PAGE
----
It’s exciting to see how AM has evolved over the years. The full promise of AM technologies is just starting to bear fruit, as new capabilities are making it possible to use AM in an ever-increasing variety of ways. For example, the ability to embed electronics directly into a part while it is additively manufactured opens up many opportunities to put sensors in everyday objects, and make use of the captured data in an increasingly information-driven economy.2 Additionally, developments in multi-material printing enable manufacturers to make a part using materials with varying properties, making it possible to produce a wider variety of parts than were possible previously, when manufacturers were constricted to single-material production.3 For instance, an automotive part could be built mostly of a light-weight material—while a certain section, critical to the driver’s safety, could be manufactured with a fire-resistant material. Alternatively, applications that require superior product finish–such as those in the car’s interior–can make use of hybrid AM systems that combine AM with conventional machining capabilities.4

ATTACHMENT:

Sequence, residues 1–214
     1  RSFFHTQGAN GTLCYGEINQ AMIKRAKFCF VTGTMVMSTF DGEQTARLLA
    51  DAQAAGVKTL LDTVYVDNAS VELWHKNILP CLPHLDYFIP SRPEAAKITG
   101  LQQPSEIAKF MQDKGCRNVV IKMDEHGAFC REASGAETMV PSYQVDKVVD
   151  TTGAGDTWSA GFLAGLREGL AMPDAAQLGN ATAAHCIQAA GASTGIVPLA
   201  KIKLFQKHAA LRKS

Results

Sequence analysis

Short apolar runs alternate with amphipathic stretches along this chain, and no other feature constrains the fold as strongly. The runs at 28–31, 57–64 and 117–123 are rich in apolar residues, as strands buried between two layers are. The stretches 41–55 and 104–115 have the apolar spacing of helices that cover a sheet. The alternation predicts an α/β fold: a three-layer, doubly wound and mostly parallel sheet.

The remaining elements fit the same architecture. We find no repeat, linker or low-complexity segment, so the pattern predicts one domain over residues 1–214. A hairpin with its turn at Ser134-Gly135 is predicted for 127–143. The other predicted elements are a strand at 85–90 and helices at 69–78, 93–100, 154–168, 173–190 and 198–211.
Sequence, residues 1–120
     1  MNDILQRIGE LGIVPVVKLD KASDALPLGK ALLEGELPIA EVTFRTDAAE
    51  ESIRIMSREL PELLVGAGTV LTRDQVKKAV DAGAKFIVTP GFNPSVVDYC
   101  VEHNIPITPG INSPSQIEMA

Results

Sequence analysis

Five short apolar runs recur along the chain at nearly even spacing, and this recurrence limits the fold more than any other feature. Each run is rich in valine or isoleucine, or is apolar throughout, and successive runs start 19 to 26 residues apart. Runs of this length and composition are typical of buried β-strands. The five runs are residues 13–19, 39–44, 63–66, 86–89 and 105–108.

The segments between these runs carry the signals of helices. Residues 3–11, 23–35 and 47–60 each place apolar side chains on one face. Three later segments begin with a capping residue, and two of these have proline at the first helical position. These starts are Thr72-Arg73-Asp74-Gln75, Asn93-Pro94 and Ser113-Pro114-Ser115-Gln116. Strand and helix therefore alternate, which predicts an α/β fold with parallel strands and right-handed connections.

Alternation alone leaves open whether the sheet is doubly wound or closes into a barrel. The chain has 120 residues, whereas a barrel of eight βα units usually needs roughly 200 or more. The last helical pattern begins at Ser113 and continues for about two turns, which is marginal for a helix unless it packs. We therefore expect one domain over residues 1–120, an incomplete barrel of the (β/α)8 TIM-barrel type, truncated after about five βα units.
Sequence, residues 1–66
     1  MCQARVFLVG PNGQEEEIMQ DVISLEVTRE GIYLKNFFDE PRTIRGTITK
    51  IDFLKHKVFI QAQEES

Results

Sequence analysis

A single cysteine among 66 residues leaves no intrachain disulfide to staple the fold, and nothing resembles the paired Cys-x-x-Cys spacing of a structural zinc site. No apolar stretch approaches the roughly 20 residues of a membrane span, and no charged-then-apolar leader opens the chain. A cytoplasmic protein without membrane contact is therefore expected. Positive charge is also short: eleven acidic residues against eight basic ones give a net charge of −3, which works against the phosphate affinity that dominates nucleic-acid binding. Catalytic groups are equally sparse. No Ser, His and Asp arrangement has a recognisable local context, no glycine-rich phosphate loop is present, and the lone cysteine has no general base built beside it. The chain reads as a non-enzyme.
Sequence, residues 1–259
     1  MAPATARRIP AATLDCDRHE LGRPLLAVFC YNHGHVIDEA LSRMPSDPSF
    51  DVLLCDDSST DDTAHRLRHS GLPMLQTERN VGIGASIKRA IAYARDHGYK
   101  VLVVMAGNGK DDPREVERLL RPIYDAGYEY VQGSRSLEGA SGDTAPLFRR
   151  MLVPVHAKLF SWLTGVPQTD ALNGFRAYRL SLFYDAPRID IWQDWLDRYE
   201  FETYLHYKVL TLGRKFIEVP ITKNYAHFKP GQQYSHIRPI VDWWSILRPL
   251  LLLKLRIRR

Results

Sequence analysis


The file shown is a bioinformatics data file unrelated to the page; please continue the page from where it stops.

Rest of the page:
But AM goes beyond engineers. Business managers must also get onboard, helping to consider what AM technologies to deploy, and where to deploy them. These go beyond the new capabilities I just described, here I’m talking more about the underlying printing processes themselves. Managers interested in deploying AM to their business operations must be aware of the differences among AM processes, and the ways in which they are suited for different applications. For instance, of the seven key AM processes defined by ASTM International, directed energy deposition is an AM process in which metal powder is melted using a laser beam.5 As such, with superior accuracy, the technology is well-suited to repair high-value parts comprised of metals or to produce parts where strength is crucial, as in aerospace and automotive industries.6 Binder jetting, another AM process, works by selectively depositing a liquid bonding agent to join powder materials; ink can also be deposited to impart color.7 The accuracy is currently limited, but the technology is well-suited to applications that require building models and prototypes in color, in industries such as consumer products and packaging.